Dee Caffari and Dee Caffari, Skipper of the Mirpuri Foundation “Turn the Tide on Plastic” boat, leads 70% of her crew into the Southern Ocean for the first time. Frederico Melo, one of the Portuguese sailors, is among them.
Dee Caffari and her crew left Cape Town with Leg 3 to Melbourne underway. For 70% of Caffari’s crew, it will be their first time sailing in the Southern Ocean, the most remote and hostile region on the planet under conditions they have never experienced. The Southern Ocean is notorious for some of the toughest conditions with extreme cold, wind and big waves but equally it is extremely well known in ocean racing for providing some of the best sailing on the planet.
For “Turn the Tide on Plastic”, it will be a balance between speed, performance and safety. The lack of experience in the Southern Ocean means the crew have to quickly gain insight and a feeling for when it is right to make changes, when you can push the boat and when you can’t. This can make all the difference.
Caffari, has embraced the challenge, “I have great support in both Liz Wardley and Martin Strömberg, who bring invaluable experience to the team. And while our team lacks experience in the Southern Ocean, we have very skilled and adaptable sailors onboard who have a lot of offshore miles. Together we have a wide skillset and can learn quickly.”
Perhaps equally important to taking on the Southern Ocean is that as Caffari says, “they’re young and they’re hungry for it. I’m not sure they know exactly what they’ve let themselves in for but I’m sure just like the rest of us sailors who have been in the Southern Ocean, they’ll find it to be some of the best and worst sailing they will ever do.”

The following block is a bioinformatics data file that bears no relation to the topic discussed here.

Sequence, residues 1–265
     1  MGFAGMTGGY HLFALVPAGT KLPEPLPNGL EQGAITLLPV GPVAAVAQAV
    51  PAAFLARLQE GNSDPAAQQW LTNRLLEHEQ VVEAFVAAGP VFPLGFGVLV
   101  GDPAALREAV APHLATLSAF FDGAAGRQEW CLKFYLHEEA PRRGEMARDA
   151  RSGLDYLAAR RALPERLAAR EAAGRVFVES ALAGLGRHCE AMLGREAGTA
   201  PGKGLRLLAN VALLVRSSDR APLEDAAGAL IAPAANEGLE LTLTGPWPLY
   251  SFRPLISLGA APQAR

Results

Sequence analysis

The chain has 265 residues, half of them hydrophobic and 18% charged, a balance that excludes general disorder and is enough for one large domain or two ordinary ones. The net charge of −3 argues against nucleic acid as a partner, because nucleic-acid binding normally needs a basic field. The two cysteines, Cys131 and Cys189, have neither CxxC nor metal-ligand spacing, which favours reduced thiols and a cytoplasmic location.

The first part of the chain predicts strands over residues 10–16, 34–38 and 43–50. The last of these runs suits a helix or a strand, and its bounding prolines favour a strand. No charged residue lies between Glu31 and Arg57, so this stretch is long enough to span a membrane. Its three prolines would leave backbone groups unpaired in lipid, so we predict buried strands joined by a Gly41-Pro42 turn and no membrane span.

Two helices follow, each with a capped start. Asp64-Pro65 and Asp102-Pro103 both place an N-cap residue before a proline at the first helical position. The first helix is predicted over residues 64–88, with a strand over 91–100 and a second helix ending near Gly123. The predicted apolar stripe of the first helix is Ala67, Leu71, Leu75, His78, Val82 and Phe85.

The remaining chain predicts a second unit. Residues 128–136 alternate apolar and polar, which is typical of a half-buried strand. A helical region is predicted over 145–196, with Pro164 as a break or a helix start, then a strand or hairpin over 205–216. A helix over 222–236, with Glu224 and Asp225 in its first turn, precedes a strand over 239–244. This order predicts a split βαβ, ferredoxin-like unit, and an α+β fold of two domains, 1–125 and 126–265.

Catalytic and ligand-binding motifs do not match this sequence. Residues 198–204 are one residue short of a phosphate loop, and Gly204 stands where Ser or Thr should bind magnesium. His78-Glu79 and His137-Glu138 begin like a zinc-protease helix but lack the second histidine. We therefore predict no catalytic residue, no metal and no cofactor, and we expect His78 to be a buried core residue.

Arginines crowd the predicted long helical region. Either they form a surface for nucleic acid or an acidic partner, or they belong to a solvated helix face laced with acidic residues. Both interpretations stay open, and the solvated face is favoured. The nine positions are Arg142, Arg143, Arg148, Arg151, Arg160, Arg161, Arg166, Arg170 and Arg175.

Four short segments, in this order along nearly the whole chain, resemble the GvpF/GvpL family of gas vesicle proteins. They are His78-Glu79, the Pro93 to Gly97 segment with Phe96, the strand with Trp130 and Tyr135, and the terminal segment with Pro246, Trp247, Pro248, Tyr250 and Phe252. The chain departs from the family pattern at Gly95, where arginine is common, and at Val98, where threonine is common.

There are two crew changes for “Turn the Tide on Plastic”. Bleddyn Mon (WAL) has stepped onboard, giving Henry Bomby (ENG) time for some R&R and Elodie Mettraux (SUI) is substituting for Annalise Murphy (IRL). Mon had trepidations ahead of the Leg, “I think it would be strange not to. The next leg will be my longest time at sea by threefold and we’ll be in the Southern Ocean of all places, so I am basically going into the unknown.” After being slightly buried by the other boats at the starting line in Cape Town, the team negotiated a short triangle course before departing into the open ocean. They had a good upwind leg in the short-course and followed this up with hard work by everyone through the transitions around Camps Bay.
Cape Town put on a show for the farewell, with the glamorous backdrop of Table Mountain and Lion’s Head in clear view and blue skies. Conditions were ideal, with the famed Cape Doctor wind blowing at 20-25 knots. Strong winds and a forecast over the first week promises for an exciting leg.
VOR 2017-18 — 26 April 2019
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